June 02, 2005

My Halo 2 Experience

When I read awhile back that there were people actually making considerable tournament money playing the popular X-Box game sequel, Halo 2, I was naturally intrigued. You can make money playing video games? It’s like every geek dream I’ve had since I was 12 years old.

The drawback, however, was that I didn’t own Halo 2. What’s more, I didn’t own an X-Box. What’s even more, ever since PC-based Command & Conquer came out years ago, I’d barely even touched a video game console. The last console I owned was a Sega Saturn, so my opinion of game consoles had ended on a particularly sour note.

The obvious solution to not owning an X-Box or Halo 2 was to go out and play Halo 2 on somebody else’s X-Box. To accomplish this, I consulted the 14-year-old step-son of a good friend of mine. What transpired was about three hours of getting schooled in Halo 2 by a 14-year-old who made a habit of sighing loudly at my incompetence, and pointing out obvious facts like “you’re really bad at this” and “I’ve never played anyone this bad.” Not surprisingly, such constructive criticism did little to improve my game play.

Don’t misunderstand me, I did actually enjoy playing the game. Visually, it’s a stunning achievement and, as first person shooters (FPSs) go, I can see why it could be an addictive pastime with legions of devoted fans. That said, I don’t think I could ever be one of those devoted fans.

It boils down to this: PC-based FPSs have spoiled me. I have been conditioned by nearly a decade of PC gaming to play using a mouse and a keyboard. It’s what I know and understand and, in my opinion, there no better way to play an FPS than with a mouse and keyboard.

Playing Halo 2, I was consistently vexed by the X-Box controller. There are just so many buttons, to say nothing of those maddening dual thumb-sized joysticks that I couldn’t toggle to save my soul. Oh, sure, I could see the avatar being run by the impatient 14-year-old sitting next to me, but I couldn’t target him even if somebody offered me a briefcase full of cash. The right thumb toggle required a precision touch that most surgeons would envy. I’d see my enemy coming toward me, and I’d try to maneuver my targeting reticle over the oncoming assailant, only to pass by him by several yards. Then I’d try to come back, and I’d overshoot him yet again. Only about one out of every 20 shots found their mark, which simply wasn’t enough to finish him off before he got within range and fragged me with a sword (which he used because “it at least made it a little challenging”).

My solution, such as it was, was to run around the map until I found a tank I could drive. I learned that landing precision shots with a tank wasn’t all that necessary. All I had to do was get a round in close, and the concussion would do the rest. This technique worked for awhile, until my opponent started zooming in close with a speeder, disembark, jump aboard my tank, and slice me where I sat.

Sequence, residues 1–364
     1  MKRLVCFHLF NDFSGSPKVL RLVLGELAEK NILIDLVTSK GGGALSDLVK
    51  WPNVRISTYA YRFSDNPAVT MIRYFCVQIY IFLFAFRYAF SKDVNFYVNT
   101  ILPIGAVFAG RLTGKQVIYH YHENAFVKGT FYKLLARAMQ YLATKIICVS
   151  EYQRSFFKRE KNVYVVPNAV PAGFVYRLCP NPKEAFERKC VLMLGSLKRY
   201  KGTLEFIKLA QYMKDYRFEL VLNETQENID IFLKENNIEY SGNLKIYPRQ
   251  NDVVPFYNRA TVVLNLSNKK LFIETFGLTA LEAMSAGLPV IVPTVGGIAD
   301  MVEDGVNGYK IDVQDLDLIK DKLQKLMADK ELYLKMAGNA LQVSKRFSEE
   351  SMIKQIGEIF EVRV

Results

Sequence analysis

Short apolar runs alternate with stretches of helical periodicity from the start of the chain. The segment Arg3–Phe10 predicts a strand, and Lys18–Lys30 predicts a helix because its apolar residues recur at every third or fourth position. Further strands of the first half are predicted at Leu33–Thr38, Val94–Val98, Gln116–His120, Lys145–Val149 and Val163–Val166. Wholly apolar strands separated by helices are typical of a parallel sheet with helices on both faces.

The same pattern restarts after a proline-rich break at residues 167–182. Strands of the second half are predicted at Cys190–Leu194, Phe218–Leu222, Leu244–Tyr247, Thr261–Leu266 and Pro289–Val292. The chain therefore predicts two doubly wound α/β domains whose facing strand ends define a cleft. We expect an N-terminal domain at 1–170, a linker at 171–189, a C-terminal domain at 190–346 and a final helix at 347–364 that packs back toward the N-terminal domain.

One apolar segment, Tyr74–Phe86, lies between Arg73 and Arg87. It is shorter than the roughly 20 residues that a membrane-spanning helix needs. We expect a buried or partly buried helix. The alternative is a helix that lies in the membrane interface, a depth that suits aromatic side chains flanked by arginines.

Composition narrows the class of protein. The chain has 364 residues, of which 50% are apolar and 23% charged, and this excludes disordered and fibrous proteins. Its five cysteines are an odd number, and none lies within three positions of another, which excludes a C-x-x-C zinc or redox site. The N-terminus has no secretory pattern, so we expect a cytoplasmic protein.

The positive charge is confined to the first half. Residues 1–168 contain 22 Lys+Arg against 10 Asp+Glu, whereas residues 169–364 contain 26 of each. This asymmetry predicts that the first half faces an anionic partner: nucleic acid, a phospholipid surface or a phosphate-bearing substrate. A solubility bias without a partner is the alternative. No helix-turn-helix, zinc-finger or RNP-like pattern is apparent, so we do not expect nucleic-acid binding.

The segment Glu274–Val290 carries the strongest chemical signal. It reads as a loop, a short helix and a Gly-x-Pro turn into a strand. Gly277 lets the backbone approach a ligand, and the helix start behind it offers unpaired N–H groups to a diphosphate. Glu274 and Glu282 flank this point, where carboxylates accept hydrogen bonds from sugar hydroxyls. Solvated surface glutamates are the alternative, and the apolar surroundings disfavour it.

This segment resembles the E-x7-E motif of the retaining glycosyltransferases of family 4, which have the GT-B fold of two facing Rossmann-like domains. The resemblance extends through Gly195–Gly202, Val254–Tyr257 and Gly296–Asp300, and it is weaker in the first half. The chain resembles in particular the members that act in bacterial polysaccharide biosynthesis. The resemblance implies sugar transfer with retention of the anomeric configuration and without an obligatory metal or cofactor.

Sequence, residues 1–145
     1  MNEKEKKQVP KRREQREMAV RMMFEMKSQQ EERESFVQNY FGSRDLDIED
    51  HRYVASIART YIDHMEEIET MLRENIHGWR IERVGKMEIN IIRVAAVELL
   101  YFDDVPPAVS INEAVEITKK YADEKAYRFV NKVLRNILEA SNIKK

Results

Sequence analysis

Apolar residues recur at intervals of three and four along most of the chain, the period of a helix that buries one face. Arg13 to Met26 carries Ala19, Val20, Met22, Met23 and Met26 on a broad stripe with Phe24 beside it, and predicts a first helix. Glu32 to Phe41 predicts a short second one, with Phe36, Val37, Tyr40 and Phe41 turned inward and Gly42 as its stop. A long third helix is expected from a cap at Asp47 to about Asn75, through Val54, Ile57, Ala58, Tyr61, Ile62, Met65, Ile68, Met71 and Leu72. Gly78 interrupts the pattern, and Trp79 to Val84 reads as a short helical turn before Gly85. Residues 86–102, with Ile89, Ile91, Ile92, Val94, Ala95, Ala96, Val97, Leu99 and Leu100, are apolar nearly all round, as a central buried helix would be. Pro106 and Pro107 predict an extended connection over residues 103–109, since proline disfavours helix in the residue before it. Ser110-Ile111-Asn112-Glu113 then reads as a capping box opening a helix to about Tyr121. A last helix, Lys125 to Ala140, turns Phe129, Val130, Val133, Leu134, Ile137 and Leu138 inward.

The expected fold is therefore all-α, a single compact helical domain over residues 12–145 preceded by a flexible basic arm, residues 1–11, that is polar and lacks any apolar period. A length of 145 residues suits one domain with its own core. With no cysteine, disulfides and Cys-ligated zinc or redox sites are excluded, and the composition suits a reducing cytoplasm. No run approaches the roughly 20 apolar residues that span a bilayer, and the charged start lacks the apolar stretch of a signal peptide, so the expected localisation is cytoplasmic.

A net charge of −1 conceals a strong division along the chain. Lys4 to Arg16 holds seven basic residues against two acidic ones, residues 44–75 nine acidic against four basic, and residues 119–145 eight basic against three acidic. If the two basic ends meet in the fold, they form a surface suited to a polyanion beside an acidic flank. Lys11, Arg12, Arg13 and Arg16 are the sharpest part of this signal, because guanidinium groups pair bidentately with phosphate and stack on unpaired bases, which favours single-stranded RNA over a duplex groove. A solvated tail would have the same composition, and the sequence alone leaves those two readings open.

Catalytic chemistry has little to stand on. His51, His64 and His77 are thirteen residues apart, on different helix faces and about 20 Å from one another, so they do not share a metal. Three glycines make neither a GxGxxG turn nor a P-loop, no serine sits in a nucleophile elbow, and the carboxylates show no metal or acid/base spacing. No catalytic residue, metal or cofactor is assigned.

I experimented with other techniques, weapons and vehicles through the course of my Halo 2 trial. Some worked briefly, others not at all. So, we switched over to collaborative play which. . .whereas I thought a 14-year-old sighed a lot and was overly impatient during combative play, I was in no way prepared for the level of impatience encountered during collaborative play.

“Come ONNNN,” I’d hear. “What’s taking you so long? Where ARE you?”

Again, such impatience did little to actually improve my Halo 2 playing ability.

So, I won’t be playing Halo 2 again in the near future. Although I thought it was visually stunning, and the overall FPS game concept was great, I just can’t see myself weaning away from the mouse and keyboard approach to FPSs, on which I’ve grown to depend.

Besides, I didn’t win any money playing Halo 2, which was what attracted me in the first place.

Posted by Ryan at June 2, 2005 02:58 PM

I felt exactly the same as you... for a while. I bought an xbox a couple years ago and started out by playing RPG's, racing games, sports games, and fighting games. I didn't really try FPS's b/c I was spoiled by a mouse/keyboard. Eventually, though, after a little bit using a controller finally clicked and I found I actually like using it (but a mouse/keyboard is still better). I say go buy an xbox 360 when it comes out this winter and just start playing games!

Posted by: Rick at June 2, 2005 03:38 PM

That's pretty much what turned me off to video games for a good decade and a half. I never had Atari or Nintendo, but when I went over someone else's house they always wanted to play video games. This was back when "two player" meant each guy gets three lives and you take turns playing. Cooperative or Competitive modes didn't exist.

To make matters worse, games like Mario Brothers seemed to rely on knowing secrets that you could never figure out on your own. Like jumping on invisible boxes to hit other invisible boxes. You know, stuff you could only find out about by reading Nintendo Power magazine.

So what would transpire would be me playing for about 30 seconds before getting killed, the kid who's house it was making some sarcastic comment and playing for 20 minutes. Then I would get another 30 seconds and he'd get another 20 minutes.

They never understood why I found this boring.

Posted by: David Grenier at June 2, 2005 03:48 PM

I tried playing Halo once. And I failed. Miserably.

I usually just blame it on my lack of a penis.

What's your excuse?

I'm rule the school in Mario Kart though. Wanna play?

Posted by: Tammy at June 8, 2005 11:50 PM
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